Creation Of A Monster


Creation Of A Monster Essay, Research Paper

Mary Shelley’s


“Creation of a monster”

Blair Trusty

World Civilizations


Frankenstein, by Mary Shelley is a complex novel that was written during the age of Romanticism. This gothic work has enjoyed a wide range of interest and readership for roughly 200 years. Gothic tales have certain elements in common, chief among them being certain universal themes, eerie settings, twisted creatures and a breach in the natural order. Shelly’s “Frankenstein” is a perfect example of a gothic novel. In this book she explores as her main theme the development of evil in an individual when he is subject to rejection by society. She also develops two secondary themes: man’s fear of death, and man’s conflict between morality and science. These two themes are used to support and clarify the main theme. These themes are as relevant today as when the novel was written.

The novel is first and foremost an exploration of the development of the evil in Frankenstein’s monster, which is, a consequence of his rejection by society. Frankenstein created his monster from bits and pieces of human corpses, and brings it to life. Horrified by his actions, he deserts the creature to find its own way in the world. Hideous in appearance, unable to communicate, and ignorant of his condition, the creature attempts to interact with the people around him. They reject the creature with fear and cruelty, causing him to flee in hiding. The monster falls victim to the system commonly used to characterize a person by only his or her outer appearance. Whether people like it or not, society always summarizes a person’s characteristics by his or her physical appearance.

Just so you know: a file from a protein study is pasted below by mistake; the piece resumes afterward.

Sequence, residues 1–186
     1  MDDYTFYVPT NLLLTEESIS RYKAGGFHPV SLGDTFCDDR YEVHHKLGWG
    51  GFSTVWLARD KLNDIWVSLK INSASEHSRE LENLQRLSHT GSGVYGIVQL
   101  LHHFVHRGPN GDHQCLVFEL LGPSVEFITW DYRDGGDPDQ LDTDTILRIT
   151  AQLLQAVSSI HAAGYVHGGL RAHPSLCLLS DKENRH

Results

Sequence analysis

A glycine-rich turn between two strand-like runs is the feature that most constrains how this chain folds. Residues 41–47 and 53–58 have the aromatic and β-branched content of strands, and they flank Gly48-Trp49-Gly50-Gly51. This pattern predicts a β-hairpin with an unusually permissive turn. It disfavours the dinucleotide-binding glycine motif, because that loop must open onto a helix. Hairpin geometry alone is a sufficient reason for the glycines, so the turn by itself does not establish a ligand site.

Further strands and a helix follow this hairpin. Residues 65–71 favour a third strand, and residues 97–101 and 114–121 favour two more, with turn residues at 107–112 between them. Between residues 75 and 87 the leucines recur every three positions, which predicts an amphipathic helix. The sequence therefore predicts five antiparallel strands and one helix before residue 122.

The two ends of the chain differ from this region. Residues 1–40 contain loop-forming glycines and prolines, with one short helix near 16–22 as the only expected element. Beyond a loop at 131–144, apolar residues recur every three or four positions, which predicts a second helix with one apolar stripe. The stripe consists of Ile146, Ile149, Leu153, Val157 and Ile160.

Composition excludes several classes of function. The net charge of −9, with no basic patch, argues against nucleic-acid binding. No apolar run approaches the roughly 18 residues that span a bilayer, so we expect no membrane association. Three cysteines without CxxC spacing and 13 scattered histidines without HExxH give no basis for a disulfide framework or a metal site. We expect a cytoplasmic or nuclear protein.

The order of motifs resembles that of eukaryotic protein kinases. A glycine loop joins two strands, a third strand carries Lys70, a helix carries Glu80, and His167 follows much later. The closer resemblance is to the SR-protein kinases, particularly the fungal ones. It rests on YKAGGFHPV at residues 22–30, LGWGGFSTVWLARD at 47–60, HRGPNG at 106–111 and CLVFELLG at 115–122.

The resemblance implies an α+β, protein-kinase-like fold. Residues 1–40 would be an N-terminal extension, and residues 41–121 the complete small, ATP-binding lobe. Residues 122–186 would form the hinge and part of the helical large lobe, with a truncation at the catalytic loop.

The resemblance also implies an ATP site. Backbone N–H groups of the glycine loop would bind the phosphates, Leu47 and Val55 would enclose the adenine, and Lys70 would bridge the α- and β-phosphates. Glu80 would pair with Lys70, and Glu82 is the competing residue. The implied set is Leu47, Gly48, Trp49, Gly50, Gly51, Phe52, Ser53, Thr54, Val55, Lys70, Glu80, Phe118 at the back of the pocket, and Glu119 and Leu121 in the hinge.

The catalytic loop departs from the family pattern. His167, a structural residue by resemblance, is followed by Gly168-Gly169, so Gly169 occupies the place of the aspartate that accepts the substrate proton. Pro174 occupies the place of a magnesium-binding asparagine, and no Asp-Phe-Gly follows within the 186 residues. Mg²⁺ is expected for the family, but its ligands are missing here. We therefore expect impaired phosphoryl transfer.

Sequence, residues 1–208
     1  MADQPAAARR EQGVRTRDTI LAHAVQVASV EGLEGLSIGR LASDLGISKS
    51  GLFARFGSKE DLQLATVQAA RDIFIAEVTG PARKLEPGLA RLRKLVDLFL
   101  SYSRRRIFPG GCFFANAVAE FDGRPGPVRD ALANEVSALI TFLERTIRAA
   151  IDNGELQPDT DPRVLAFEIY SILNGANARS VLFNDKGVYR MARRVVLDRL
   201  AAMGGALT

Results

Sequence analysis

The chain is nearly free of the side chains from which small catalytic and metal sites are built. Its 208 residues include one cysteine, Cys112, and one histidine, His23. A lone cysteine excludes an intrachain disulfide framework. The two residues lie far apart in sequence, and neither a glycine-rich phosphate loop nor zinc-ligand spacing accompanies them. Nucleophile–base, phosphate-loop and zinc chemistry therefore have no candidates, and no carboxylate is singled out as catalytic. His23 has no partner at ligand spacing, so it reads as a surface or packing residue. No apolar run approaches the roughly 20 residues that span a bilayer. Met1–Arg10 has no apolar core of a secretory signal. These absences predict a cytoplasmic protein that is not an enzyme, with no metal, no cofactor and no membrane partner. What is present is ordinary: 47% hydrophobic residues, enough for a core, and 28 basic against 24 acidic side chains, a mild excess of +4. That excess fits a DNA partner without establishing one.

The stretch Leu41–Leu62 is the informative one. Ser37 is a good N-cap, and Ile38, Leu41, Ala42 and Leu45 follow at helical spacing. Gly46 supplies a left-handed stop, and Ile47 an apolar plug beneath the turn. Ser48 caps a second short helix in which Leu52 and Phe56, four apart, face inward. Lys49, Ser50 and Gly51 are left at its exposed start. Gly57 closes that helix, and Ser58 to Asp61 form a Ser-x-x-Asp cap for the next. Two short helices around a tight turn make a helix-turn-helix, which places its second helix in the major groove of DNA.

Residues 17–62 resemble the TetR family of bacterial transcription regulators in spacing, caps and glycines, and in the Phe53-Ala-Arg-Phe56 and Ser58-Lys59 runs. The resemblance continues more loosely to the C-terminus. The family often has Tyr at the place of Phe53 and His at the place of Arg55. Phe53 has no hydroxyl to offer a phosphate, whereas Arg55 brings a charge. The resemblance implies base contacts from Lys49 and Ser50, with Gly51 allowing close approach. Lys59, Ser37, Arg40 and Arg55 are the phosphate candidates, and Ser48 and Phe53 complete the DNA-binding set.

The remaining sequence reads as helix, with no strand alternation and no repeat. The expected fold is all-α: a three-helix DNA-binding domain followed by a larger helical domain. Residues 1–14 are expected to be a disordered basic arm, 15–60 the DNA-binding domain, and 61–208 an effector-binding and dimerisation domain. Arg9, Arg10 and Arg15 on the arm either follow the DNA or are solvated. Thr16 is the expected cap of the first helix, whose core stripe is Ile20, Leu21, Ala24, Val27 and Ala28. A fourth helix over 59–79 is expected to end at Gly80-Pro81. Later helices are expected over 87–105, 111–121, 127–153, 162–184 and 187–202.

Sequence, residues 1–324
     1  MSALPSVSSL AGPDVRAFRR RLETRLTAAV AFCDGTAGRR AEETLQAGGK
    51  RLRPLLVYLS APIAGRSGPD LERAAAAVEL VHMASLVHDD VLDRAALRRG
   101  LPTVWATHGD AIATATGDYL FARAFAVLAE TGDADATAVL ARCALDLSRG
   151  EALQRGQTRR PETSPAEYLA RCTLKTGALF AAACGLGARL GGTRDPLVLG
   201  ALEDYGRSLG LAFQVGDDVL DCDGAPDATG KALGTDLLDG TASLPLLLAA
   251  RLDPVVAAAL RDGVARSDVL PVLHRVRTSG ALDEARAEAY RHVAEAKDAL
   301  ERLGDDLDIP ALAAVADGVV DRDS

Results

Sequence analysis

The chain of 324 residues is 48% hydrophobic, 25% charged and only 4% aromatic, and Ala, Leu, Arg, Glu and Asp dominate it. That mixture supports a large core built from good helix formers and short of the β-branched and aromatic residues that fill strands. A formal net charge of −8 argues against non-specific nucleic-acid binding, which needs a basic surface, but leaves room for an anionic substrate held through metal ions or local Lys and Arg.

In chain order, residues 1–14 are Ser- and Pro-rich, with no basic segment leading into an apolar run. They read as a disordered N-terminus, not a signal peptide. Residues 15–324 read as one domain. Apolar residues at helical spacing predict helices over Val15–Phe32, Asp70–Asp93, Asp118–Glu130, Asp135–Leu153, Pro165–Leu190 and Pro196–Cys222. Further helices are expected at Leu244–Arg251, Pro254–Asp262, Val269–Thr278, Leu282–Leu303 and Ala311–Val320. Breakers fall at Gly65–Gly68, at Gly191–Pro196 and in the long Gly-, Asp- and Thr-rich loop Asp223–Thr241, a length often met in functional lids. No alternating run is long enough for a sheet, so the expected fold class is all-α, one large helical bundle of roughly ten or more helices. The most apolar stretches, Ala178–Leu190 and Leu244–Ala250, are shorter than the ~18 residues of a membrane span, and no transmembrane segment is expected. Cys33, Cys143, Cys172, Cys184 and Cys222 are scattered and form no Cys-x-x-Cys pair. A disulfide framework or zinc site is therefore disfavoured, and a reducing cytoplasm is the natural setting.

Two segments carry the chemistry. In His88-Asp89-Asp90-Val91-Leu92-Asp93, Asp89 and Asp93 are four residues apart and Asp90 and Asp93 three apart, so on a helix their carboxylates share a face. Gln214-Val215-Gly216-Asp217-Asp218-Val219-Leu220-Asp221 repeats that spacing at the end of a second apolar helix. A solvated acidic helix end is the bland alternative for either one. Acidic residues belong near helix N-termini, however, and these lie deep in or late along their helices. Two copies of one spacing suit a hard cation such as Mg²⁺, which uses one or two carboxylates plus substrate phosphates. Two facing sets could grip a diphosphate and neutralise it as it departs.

Society has set an unbreakable code individuals must follow to be accepted. Those who don’t follow the “standard” are hated by the crowd and banned for the reason of being different. When the monster ventured into a town”….children shrieked, and …women fainted”. From that moment on he realized that people did not like his appearance and hated him because of it. The creature spends several months spying on a family living in a hut, learning to speak and read by watching them. Gradually, he becomes convinced that he needs a companion in order to be complete and goes in search of his creator. He turns to murder as a method of forcing Frankenstein to acknowledge his existence and meet his demands. When Frankenstein fails him a second time, he again resorts to blackmail and murder. In this novel, Ms. Shelly shows how the creature’s attempts at interaction are met with rejection until finally the creature sees intimidation and extortion as his only recourse. The creature was not born evil, but was forced into evil acts as his only way to force acknowledgment of his existence. This theme strikes a chord among modern readers, for ours is a society, which places a high value on beauty and empowerment. Those people who are rejected as worthless by our society because they are ugly, clumsy, mentally retarded, or too different from their peers frequently use extreme actions to force acknowledgment of their existence. These acts might include arson, murder, theft, vandalism, and other senseless acts of destruction or violence. Like Frankenstein’s monster, constant rejection breeds not compassion and understanding, but anger and hatred.